Rubio-Martinez, M.; Imaz, I.; Domingo, N.; Abrishamkar, A.; Mayor, T. S.; Rossi, R. M.; Carbonell, C.; deMello, A. J.; Amabilino, D. B.; Maspoch, D.; Puigmartí-Luis, J. Freezing the Nonclassical Crystal Growth of a Coordination Polymer Using Controlled Dynamic Gradients. Advanced Materials 2016, 28, 8150–8155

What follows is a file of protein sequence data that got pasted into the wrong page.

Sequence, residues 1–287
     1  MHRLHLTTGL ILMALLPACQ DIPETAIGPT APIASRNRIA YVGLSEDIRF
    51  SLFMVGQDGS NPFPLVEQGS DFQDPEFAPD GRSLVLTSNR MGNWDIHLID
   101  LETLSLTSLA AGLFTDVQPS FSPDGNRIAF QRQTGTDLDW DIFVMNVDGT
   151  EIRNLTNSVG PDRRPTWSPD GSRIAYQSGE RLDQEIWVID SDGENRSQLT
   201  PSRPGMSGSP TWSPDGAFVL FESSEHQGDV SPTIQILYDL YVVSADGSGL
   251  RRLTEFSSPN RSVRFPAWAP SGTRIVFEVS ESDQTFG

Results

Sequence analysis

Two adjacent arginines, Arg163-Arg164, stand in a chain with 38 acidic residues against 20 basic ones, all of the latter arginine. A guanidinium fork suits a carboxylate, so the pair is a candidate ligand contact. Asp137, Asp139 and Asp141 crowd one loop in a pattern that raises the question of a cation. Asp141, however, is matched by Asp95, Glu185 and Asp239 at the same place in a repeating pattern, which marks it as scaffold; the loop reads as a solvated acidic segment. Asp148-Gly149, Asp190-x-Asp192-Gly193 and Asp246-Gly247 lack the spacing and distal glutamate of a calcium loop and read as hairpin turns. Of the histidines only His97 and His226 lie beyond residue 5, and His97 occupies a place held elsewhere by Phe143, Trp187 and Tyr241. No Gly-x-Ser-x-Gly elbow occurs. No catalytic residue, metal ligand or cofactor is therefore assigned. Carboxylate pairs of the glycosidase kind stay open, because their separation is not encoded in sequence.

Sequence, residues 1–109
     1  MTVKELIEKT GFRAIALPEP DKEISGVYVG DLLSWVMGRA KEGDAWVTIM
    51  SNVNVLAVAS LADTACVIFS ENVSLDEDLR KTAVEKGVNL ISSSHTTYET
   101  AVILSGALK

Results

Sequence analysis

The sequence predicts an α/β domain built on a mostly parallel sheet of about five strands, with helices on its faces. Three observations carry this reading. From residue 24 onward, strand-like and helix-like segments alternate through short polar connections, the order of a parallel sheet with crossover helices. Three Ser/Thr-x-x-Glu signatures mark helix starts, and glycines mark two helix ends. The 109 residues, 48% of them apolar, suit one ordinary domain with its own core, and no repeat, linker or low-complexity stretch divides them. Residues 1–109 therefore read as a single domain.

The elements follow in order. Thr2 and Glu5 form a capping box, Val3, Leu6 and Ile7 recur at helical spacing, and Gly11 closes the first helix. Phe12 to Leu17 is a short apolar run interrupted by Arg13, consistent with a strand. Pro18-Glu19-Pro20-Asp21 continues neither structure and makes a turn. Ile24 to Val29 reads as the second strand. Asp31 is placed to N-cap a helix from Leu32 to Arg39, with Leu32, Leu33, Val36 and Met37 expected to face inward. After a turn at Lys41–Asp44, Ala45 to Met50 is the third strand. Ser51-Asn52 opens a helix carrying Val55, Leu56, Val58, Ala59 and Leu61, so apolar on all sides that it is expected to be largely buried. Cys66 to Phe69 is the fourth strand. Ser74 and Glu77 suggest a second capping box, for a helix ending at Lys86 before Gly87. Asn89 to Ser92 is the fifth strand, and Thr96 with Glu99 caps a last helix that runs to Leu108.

Manually engineered self-assembled structures have for many years been investigated under equilibrium conditions so that their most stable forms are reached, until recently. There has been a growing interest in obtaining and studying non-equilibrium self-assembled structures. The primary reason for this is that non-equilibrium structures (which are typically formed transiently under a constant influx of energy) can offer a broad number of intriguing opportunities in the development of novel materials and systems with advanced functionalities. For example, transient and/or steady-state self-assembled structures generated far from equilibrium are the basis of many sophisticated functions observed in living systems, e.g. DNA replication and/or cell division. Nonetheless, the controlled synthesis and study of intermediate, self-assembled structures is still a major challenge, which currently limits advancements in materials development and technology. Herein we show for first time a methodology that can be efficiently used to synthesize, isolate and study out-of-equilibrium crystal structures employing controlled and diffusion limited microfluidic environments. Unlike studies conducted with conventional mixing procedures in a flask, we prove experimentally and with numerical simulations that microfluidic technologies can undoubtedly fine-tune reaction times and reagents concentration profiles; factors that enable obtaining out of-equilibrium self-assembled crystal forms.